Your Neighborhood Eyes and Ears When Disaster Strikes
When a calamity befalls us, we are reassured that our First Responder protectors are on the job and doing their highly-trained best on the community’s behalf. Often those entities are attacking the unfolding emergency on a vaguely understood battlefront somewhere. Our faith in these heroes is never misplaced. But in those chaotic first hours of an unfolding emergency, a major threat to everyone’s safety is confusion in the immediate neighborhood.
Since 1987, the Montecito Emergency Readiness & Radio Action Group (M.E.R.R.A.G.) has been the Montecito Fire Protection District’s neighborhood eyes and ears, a cohort of trained, embedded local volunteers serving to augment our responders’ efforts. “At the time of a disaster,” says M.E.R.R.A.G. (pronounced “Mirage”) Treasurer Bill Vollero, “when we’re activated, our role is not to assist with rescues, but rather to use our network of neighborhood radios to communicate status reports to M.E.R.R.A.G. Command. Ideally, and through ongoing preparation, we in our respective neighborhoods have a network of people who know which of us is the radio carrier, and can provide a neighborhood-level view for transmission to the responders.”
M.E.R.R.A.G. is a not-for-profit organization operating with ongoing guidance from the MFPD, Water, and Sanitary districts. Trish Davis is its current president. “When Montecito Fire activates us, then we’re officially representing on their behalf. If it’s to set up a clearly marked Information Kiosk near the intersection of San Ysidro and East Valley roads in Montecito, M.E.R.R.A.G. members there will disseminate real-time information, following a direct briefing by the Fire Department. They will provide us maps so people in the community can have a clear, real-time sense of where the disaster is at any given moment. Montecito Fire may send its Public Information Officer, Christina Atchison, to explain what’s happening. In that way we provide a focal point of official information in the community. We are a very visible presence when activated,” Davis says. Also, the M.E.R.R.A.G. Board meets at MFPD Station #1 monthly to stay abreast of fire department protocol and operations, and to constantly re-evaluate and review its own tasks.
The critical role M.E.R.R.A.G. members perform in an emergency setting means they are a community resource. But these emergency responsibilities only follow Community Emergency Response Team training, which all M.E.R.R.A.G. members are required to complete. “CERT is a training program sponsored by FEMA (Federal Emergency Management Agency),” Vollero says. “There’s a CERT network associated with FEMA, and M.E.R.R.A.G. is the representative for Montecito. At intervals, we provide CERT training, with certified instructors, to community members. We hope this in turn instills confidence in those folks to pursue further preparation that helps their families and neighbors.”
When disaster strikes a community, neighbor supports neighbor and preparedness is everything. And M.E.R.R.A.G. remains the tip of the preparedness spear.
Treasurer and Board Member: Bill Vollero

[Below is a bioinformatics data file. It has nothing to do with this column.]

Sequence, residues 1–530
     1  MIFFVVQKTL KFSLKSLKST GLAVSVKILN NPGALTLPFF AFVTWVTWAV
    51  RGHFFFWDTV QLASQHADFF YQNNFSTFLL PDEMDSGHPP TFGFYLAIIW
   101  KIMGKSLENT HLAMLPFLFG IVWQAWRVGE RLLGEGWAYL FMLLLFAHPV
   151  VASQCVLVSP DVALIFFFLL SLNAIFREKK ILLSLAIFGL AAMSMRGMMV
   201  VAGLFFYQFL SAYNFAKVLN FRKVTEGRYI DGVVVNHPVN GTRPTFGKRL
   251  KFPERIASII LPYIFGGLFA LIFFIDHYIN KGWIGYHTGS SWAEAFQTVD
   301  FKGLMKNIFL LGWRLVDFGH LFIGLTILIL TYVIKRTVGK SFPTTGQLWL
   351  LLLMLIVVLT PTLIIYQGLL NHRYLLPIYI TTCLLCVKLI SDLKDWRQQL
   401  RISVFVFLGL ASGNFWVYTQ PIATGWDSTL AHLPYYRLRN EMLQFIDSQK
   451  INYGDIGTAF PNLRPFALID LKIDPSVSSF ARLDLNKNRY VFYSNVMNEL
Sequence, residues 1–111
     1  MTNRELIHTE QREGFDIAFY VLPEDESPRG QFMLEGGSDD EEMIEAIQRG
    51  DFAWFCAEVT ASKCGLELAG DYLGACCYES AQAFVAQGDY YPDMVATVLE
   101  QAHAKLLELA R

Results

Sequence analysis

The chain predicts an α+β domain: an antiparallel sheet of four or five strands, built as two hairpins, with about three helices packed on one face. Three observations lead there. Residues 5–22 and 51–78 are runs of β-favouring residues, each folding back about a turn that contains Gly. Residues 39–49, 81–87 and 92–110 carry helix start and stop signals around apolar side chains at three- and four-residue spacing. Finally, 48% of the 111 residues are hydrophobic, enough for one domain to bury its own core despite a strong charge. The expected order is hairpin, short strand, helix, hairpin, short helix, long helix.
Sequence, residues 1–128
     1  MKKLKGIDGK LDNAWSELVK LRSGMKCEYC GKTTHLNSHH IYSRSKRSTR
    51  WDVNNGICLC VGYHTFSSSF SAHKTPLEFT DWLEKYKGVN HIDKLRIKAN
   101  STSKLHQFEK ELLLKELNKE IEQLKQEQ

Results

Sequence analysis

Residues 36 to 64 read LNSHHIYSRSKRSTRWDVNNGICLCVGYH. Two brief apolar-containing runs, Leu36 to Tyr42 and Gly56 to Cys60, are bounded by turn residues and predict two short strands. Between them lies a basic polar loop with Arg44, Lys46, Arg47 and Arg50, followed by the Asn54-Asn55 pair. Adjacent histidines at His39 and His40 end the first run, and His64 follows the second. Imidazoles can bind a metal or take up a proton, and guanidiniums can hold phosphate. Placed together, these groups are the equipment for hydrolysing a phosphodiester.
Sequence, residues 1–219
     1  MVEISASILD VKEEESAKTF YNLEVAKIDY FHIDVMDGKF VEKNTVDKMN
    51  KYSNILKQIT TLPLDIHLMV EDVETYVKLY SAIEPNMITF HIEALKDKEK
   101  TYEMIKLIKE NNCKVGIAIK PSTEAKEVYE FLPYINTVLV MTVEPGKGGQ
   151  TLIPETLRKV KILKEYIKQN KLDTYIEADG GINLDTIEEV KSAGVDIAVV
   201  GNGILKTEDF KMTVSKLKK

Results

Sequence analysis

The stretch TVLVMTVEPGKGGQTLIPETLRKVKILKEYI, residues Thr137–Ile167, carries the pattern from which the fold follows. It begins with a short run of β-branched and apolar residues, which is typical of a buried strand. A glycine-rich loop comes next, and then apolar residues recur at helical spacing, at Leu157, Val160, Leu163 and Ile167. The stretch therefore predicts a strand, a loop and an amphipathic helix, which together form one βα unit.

MERRAG (pronounced “mirage”) follows, but expands upon, the curriculum used by CERT (FEMA’s Community Emergency Response Training) to create a cadre of ready volunteers. These volunteers generally work and live in the Montecito area and are prepared to respond to a community disaster during the critical first 72 hours following an event. Since 1987, the mutual “self-help” organization has been serving Montecito’s 9,000 residents with the guidance and support of the Montecito Fire, Water and Sanitary Districts.
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“One of the best benefits of CERT training from M.E.R.R.A.G. is learning how to be proactive in protecting your family in an emergency: First aid, dangers of electrocution, how and when to use a fire extinguisher, preparing for evacuations, etc. During emergencies we may need to rely on our neighbors. M.E.R.R.A.G. is linked across Montecito by a radio communication system, so that neighbors can relay their needs to work toward helping each other solve pressing issues until professionals can arrive. When our neighborhood was under an evacuation order, I raced home to discover my teenage boys had packed up almost everything before I arrived, based on a list I had posted in the front hall closet! Take M.E.R.R.A.G.’s free CERT training and protect your family!
Help Your Community Stay Connected & Informed During an Emergency
President Davis: “We’ve had our van for a very, very long time and it’s a great addition to our mission. Our van has a generator, and in an emergency we’ll bring the van to a central location: In a power outage people may need to charge their phones to stay in touch with loved ones – or have a hot cup of coffee. But there are streets in this area our old van can’t even negotiate anymore because it’s so big.
is for $60,000 to purchase a smaller, more nimble M.E.R.R.A.G. van that is suitably equipped, so we are better able to go wherever the community needs us when an emergency threatens.”
”Friends of M.E.R.R.A.G.”:
Susan & Jeff Bridges
Teri & John Keating
C. Robert & Mary Kidder
Crystal & Cliff Wyatt
Sue & John Ziliotto